Aloe Vera As a House Plant


Aloe vera is the most well-known aloe plant, prized for its medicinal value. Aloe vera plants can reach 3 feet in height and grows in rosettes and very slowly. In the summer months, aloe vera may develop stalks with clusters of tiny yellow flowers. The plant grows well as a houseplant and can be found at your local plant nursery or garden center.


Like all succulent and cactus plants, aloe vera prefers full sunlight. If grown in low light conditions, the plant develops leggy, thin growth and if kept there, it may die. Keep an aloe vera houseplant in a south or west-facing window. If you don't have natural light, provide the plant with a fluorescent plant light for at least eight hours a day.


Aloe vera needs deep and infrequent watering. To check the soil consistency, stick your finger into the soil. If it feels wet and clings to your finger, don't water. If it's dry and crumbly and does not stick, you can water. Add water until you see it flow out the drainage holes in the bottom of the container, then allow the plant to dry out thoroughly until you water again. During the winter, when the plant is naturally dormant, allow the soil to remain dry and crumbly for several days to a week before watering again.


While aloe plants are slow growers, they occasionally need repotting when they grow too large for a container. Move up only one size container and choose a container with drainage holes so the plant's roots don't sit in water. Use a cactus potting mix and fill the new container one-third to one-half full. Pull your aloe plant out of its container and break apart the root ball, unwinding tangled roots and busting soil clods. Then place the plant in the new container and top off the soil.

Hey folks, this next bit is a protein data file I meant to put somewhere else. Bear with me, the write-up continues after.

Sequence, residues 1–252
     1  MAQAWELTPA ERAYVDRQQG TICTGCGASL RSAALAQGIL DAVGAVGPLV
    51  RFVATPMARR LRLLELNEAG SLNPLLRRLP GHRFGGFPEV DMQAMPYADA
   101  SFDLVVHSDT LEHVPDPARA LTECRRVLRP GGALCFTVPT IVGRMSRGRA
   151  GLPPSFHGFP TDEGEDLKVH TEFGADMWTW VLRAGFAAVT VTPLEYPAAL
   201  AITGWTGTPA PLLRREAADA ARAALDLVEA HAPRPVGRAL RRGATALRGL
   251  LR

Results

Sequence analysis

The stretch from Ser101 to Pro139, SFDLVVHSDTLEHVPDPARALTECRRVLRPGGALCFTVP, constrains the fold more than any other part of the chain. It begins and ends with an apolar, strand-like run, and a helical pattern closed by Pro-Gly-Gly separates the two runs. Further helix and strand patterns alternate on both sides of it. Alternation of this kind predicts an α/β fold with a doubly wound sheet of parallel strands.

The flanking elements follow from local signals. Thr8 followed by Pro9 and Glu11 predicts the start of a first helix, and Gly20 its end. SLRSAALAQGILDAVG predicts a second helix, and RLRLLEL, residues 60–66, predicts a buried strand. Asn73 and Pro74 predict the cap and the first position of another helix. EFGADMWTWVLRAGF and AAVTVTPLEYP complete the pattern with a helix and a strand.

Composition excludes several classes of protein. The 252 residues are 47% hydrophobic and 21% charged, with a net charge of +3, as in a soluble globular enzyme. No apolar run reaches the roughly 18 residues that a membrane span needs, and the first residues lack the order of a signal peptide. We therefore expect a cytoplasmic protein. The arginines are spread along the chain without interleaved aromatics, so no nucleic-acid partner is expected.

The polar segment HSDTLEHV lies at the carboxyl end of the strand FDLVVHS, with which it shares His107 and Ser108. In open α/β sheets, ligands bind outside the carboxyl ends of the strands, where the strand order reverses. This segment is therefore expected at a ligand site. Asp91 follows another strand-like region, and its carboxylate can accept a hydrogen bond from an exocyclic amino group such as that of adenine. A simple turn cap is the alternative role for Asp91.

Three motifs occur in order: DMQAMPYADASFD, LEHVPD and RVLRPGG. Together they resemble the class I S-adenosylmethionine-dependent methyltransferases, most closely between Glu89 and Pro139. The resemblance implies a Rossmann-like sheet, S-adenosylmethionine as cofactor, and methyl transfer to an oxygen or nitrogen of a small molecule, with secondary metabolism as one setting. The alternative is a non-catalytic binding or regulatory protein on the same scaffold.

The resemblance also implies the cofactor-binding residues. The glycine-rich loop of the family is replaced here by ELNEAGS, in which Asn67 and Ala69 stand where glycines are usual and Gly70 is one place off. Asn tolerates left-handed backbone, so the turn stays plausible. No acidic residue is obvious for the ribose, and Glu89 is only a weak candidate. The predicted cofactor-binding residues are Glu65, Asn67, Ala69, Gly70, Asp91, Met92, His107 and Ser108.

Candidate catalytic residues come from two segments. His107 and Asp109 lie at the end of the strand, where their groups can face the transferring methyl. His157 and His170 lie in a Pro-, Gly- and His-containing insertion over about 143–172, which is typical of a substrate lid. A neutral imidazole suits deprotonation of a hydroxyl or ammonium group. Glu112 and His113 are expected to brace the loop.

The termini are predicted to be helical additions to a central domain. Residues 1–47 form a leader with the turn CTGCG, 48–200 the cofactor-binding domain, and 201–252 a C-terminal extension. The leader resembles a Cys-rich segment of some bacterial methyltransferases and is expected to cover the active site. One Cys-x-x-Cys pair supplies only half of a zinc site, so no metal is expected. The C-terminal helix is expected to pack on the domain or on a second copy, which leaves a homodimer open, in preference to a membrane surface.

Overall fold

Medicinal Use

Aloe vera provides natural relief to skin irritations like bug bites and burns. To use the plant medicinally, break off a leaf at its base, exposing a slimy gel. Squeeze the plant leaf between your fingers, and the gel will ooze out. Apply to a skin irritation or burn. Store the aloe leaf in a plastic bag in the refrigerator for a week. To reuse it, cut off the exposed edge, which will have calloused over. Fresh gel will ooze out.


Fertilize the aloe plant with a 10-40-10 fertilizer in the spring when the plant resumes active growth, evidenced by the development of new shoots. Since aloe vera benefits from natural sunlight, move the plant outside during the summer. Your aloe plant will grow better than indoors. Move the plant indoors for the winter months when the temperature falls to 40 degrees F.

Keywords: aloe vera, aloe vera houseplant, growing aloe

About this Author

Based in Northern California, Elton Dunn is a freelance writer and nonprofit consultant with 14 years' experience. Dunn specializes in travel, food, business, gardening, education and the legal fields. His work has appeared in various print and online publications. Dunn holds a Master of Fine Arts in creative writing and a Bachelor of Arts in English.